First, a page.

MLK was indigenous (SCLC) and folks like Bob Moses came "from without." Was MLK "self-activity" but SNCC's student arrivals not "self-activity."

In fact, there is no such thing as "self-activity" by "the people," without leadership. There is always leadership (i repeat). And homegrown leadership is an illusion since everyone (home grown or not) is influenced by the ideology and politics of the surrounding society.

Strikes? you think they just happen? Or (even if they are triggered suddenly) you think the organizatoin that takes action wasn't created? And even if no one "called" the strike, you think it doesnt develop, or borrow, or seek out a leadership if it is to survive any protracted struggle?

Kaz writes: "Of course, you would chalk it up to spontateity."

Again a vague comment. Are you saying that "spontaneity" is just a "label" and isn't objective?

Of course many strikes and sitins were "spontaneous" in the sense that they happened without communist leadership (unfortunately). And so "spontaneously" emerged with one form or another of bourgeois (or petty bourgeois) leadership.

That's objectively true, right?

Kaz writes: "there is a need for parties to turn these activities into learning tools."

Well, yeah, we agree on that. But is that really all a party needs to do, help the masses extract "lessons" from their own "activities"? I think V.I.'s observation is still valid: that real communist class consciousness can only develop on the basis of ideas drawn far outside the realm of the struggles people themselves are waging. (Including from science, philosophy, political economy, analysis of world events and history etc.)

If you think that communists can suck world-historic lessons from the "activities" that people are themselves waging, you have it exactly wrong.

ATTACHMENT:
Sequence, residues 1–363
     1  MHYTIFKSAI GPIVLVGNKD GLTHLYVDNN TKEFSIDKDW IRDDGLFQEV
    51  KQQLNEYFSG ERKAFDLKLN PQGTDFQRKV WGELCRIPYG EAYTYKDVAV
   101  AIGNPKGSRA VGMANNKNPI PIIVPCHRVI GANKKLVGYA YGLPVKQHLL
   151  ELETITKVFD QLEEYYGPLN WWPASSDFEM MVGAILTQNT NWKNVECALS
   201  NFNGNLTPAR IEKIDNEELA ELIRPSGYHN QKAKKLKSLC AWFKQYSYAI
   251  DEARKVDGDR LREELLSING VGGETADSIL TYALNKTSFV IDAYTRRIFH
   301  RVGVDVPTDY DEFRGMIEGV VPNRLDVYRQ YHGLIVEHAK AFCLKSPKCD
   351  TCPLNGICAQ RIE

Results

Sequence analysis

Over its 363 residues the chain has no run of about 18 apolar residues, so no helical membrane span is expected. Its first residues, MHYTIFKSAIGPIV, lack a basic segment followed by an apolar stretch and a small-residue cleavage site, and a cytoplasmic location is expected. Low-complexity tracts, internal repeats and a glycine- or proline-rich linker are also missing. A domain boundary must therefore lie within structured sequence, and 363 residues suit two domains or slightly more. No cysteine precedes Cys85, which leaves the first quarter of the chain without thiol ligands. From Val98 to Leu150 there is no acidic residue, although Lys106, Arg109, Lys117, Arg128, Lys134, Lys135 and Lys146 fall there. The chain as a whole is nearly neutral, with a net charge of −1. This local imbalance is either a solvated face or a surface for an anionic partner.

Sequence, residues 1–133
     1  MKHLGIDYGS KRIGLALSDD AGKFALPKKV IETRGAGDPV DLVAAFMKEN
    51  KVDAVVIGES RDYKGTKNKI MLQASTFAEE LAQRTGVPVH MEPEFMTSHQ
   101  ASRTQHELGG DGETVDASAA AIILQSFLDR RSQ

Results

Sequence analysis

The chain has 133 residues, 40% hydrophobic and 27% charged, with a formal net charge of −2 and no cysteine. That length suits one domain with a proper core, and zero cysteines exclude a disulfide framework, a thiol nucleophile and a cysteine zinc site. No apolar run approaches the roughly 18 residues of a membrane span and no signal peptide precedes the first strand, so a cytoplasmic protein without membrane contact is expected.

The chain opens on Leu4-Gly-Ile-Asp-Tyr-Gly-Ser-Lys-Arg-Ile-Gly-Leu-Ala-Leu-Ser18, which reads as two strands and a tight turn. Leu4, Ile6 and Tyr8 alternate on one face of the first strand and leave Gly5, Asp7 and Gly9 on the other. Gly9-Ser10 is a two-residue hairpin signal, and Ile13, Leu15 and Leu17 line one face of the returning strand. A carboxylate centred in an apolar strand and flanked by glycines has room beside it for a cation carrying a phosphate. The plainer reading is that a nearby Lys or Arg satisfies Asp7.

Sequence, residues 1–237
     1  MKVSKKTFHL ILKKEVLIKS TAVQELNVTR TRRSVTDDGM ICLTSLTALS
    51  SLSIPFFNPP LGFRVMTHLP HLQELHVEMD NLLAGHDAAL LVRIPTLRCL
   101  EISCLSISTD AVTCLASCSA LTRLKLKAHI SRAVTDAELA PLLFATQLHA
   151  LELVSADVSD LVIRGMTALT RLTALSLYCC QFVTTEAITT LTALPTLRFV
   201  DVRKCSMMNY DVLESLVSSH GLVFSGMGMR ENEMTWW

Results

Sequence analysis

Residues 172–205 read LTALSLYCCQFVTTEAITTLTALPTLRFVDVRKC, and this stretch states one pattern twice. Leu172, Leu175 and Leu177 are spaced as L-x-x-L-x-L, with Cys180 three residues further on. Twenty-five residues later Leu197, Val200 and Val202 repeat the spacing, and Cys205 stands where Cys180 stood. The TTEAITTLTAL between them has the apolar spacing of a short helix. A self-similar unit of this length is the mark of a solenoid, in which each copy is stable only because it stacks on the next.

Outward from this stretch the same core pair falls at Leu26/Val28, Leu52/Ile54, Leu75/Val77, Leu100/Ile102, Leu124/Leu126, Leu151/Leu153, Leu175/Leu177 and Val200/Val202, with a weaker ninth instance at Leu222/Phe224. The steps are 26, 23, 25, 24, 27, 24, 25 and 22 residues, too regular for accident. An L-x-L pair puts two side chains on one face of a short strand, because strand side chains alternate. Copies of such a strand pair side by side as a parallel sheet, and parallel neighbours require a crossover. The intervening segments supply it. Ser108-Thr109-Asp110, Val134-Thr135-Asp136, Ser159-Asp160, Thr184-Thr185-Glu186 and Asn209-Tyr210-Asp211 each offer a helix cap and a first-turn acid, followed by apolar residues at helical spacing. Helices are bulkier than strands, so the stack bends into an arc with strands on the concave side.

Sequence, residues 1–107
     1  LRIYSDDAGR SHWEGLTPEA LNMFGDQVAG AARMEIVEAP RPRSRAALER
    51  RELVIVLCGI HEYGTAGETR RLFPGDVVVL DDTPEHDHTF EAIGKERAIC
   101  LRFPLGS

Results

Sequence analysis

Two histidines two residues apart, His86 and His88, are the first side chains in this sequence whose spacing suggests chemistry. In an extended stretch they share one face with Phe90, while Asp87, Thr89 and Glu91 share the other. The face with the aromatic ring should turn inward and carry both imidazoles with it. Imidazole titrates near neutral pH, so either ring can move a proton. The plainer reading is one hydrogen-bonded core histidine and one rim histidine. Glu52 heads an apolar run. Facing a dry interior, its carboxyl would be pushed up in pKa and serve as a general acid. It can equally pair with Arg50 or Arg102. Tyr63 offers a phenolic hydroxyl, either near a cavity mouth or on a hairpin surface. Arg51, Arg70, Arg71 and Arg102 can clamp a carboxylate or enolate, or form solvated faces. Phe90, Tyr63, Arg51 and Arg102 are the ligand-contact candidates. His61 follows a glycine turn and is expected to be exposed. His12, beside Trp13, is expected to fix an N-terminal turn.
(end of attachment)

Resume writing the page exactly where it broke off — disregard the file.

And if you don't think that, then I just understood you wrong.

Kaz writes: "only if orgs are connected to people in an organic way."

Please, someone, write down in clear language what that squishy term "organic" means.

Are you arguing that not only can "lessons" be drawn from the immediate struggle, but that the vanguard itself must emerge out of them?

You will wait forever for both organization and consciousness that way. But perhaps I don't know what is being said.

Clarify? Draw a lesson for me out of the activity I'm engaged in.

Renegade Eye

Celticfire is correct. I would say specifically Venezuela is what is to be watched.


I think many of us probably know what you're referring to when you say, "The whole future of the world rests in no single man's hands." But what makes you think that the Party views it that way? Or that they view Avakian's insights as "ideological property"? I think it's the opposite. and the whole point of promoting him is to make those insights not just our property, but the property of the whole world. Maybe you could elaborate a little on what you mean.

Christopher Day

While the RCP hasn't (yet) come out explicitly and said "the whole future of the world" depends on Bob Avakian, that is the unmistakeable conclusion to everything else they say about him. The over the top proclamations about his preciousness and his great theoretical contributions (which are never specified in a particularly convincing manner) coupled with an evident retreat from a lot of the sort of reporting that the newspaper used to do on actual struggles and events of the day strongly suggest this view.

As for "ideological property" I don't doubt that the RCP wants to make Bob-thought "the property of the whole world," but that misses the point. What the whole world needs in the realm of ideas is a well-rounded understanding of revolutionary theory, not a catechistic crash course in Bob-thought. And no, they are not the same thing.